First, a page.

Regardless of President Obama pulling the plug on a nuclear-waste dump in Nevada, a federal court said the Nuclear Regulatory Commission is obligated to continue trying to license Yucca Mountain as a dump site.

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Two years after President Obama pulled the plug on plans for the nation’s only high-level nuclear-waste dump, it’s still not clear if the decision is final.

On Friday, a federal-appeals court ruled 2-1 that the court may order the Nuclear Regulatory Commission (NRC) to restart efforts to license Nevada’s Yucca Mountain as a nuclear-waste repository.

The D.C. Circuit Court of Appeals, responding to filings by the state of Washington and others, said federal law makes clear that the NRC is obligated to continue trying to license the dump site — regardless of what the Obama administration has said.

Unless Congress decides otherwise by mid-December, two of the judges indicated they would likely be willing at that time to order the NRC to restart the process.

Washington and South Carolina, as well as others representing the nuclear industry, have long counted on Yucca Mountain as the final resting place for spent nuclear fuel and millions of gallons of radioactive waste left over from Cold War bomb production.

That’s where the 153 million gallons of nuclear slop in leaky underground tanks at Eastern Washington’s Hanford reservation were slated to go once a treatment plant turned the waste into stable glass rods.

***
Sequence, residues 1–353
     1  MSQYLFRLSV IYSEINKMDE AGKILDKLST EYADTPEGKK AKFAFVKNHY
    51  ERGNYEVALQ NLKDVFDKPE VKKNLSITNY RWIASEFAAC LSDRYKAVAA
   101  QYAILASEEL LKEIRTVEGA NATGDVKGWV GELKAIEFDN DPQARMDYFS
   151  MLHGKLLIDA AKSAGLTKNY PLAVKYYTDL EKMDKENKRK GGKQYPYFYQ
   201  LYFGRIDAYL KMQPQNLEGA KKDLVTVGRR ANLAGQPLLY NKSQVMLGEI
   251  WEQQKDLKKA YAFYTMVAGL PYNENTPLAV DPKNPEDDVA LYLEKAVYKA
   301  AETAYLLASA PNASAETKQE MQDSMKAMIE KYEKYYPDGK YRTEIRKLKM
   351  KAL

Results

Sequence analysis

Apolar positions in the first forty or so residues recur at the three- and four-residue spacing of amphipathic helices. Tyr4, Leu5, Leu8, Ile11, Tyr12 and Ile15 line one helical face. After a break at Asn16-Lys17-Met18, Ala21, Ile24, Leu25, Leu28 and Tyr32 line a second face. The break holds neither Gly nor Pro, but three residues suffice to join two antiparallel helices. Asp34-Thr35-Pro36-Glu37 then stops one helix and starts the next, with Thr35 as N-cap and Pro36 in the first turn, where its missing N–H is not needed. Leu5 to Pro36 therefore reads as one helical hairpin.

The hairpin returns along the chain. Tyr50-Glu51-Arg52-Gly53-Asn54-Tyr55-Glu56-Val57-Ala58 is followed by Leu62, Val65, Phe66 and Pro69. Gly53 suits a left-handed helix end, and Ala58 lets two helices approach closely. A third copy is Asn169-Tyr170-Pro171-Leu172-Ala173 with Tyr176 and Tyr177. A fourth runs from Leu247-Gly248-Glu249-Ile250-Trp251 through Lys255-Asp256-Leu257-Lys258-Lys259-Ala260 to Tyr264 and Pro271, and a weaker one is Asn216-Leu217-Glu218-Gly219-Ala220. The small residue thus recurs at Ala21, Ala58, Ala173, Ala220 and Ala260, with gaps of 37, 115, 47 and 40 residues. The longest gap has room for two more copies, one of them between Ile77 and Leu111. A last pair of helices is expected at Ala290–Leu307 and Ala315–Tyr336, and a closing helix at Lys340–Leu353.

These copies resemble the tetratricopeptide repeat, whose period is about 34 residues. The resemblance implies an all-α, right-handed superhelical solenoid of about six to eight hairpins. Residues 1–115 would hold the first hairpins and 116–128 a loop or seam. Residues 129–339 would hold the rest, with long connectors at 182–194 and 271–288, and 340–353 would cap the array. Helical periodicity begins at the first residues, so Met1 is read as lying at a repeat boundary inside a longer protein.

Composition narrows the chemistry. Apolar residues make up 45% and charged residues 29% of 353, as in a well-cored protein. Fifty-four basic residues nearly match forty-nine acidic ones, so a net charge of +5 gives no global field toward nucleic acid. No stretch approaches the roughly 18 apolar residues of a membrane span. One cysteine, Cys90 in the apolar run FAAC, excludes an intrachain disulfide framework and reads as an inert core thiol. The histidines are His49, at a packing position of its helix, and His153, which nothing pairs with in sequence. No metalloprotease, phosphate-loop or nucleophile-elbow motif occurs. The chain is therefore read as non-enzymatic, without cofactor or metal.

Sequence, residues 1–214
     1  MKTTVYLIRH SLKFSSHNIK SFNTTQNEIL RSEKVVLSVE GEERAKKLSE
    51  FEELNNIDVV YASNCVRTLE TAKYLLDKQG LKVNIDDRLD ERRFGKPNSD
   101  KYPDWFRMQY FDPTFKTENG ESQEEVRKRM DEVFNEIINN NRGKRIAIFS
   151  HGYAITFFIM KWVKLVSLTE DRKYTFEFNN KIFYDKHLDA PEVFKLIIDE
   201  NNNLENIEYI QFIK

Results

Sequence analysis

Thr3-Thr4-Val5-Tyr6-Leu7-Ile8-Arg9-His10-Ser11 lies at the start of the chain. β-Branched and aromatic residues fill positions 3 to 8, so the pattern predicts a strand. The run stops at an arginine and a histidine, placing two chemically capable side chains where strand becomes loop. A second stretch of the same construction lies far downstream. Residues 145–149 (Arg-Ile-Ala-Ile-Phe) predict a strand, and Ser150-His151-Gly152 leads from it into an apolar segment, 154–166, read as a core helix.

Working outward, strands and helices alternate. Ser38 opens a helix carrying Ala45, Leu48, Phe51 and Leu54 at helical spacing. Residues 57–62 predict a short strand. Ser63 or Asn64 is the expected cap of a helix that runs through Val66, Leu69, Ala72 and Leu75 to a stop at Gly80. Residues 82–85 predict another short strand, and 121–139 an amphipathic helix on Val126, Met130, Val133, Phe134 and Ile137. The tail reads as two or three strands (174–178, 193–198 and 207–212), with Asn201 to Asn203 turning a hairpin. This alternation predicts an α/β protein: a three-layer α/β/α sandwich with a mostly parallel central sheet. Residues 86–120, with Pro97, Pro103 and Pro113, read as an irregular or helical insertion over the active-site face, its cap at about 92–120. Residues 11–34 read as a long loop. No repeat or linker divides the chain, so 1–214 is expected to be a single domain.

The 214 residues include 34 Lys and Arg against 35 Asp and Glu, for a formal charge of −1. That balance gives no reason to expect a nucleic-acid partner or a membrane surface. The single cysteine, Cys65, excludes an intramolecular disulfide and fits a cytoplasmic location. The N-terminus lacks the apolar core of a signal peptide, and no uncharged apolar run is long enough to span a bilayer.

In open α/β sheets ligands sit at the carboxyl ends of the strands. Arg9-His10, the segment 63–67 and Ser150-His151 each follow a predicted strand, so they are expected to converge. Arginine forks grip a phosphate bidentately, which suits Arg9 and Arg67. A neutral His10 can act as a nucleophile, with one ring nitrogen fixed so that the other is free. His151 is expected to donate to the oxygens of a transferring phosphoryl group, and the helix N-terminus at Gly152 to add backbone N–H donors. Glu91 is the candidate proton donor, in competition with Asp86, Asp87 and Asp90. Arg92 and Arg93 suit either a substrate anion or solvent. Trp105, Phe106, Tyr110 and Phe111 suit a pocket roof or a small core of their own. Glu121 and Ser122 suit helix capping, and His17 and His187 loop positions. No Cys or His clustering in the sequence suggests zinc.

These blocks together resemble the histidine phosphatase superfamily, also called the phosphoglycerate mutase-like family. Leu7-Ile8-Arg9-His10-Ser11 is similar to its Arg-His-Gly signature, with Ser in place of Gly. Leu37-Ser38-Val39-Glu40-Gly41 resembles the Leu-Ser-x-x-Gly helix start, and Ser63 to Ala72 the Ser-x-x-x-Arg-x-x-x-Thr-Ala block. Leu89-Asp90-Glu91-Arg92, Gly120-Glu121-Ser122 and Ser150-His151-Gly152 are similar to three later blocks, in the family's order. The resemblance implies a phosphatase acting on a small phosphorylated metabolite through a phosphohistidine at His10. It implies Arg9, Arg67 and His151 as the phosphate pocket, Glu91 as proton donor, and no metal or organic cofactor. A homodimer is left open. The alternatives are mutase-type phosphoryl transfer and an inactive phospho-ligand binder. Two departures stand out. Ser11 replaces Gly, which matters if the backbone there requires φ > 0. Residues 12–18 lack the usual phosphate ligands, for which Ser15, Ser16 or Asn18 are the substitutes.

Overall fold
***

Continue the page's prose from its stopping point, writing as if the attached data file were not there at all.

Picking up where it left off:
But the White House in 2010, during Senate Majority Leader Harry Reid’s hard-fought election in Nevada, announced it would withdraw the license application for the unpopular project 100 miles northwest of Las Vegas.

The NRC chairman unilaterally stopped the licensing process in its tracks. That led to lawsuits from the states, an internal investigation and ultimately the chairman’s resignation.

But now the NRC maintains that it has too little money appropriated to reconsider Yucca Mountain — an argument the states found lacking.

“The NRC didn’t provide any legal argument other than saying, at this point, ‘We’ve spent a bunch of money and we’re down to about $10 million,’ ” said Andy Fitz, an assistant attorney general for the state of Washington. “Our position was that they had put themselves in that situation. They had decided to put money to other uses. That’s not a legally valid excuse.”

Two of the three judges agreed, but said they would wait until Congress finishes its appropriations process later this year.

But even if Congress doesn’t clarify its position on whether it wants the NRC to move forward, the judges made clear they probably would.

“It is possible that Congress will … add no clarity to the current dispute,” one judge wrote, later adding, “If Congress provides no additional clarity on the matter, however, we will be compelled to act.”

Craig Welch: 206-464-2093 or

On Twitter @craigawelch.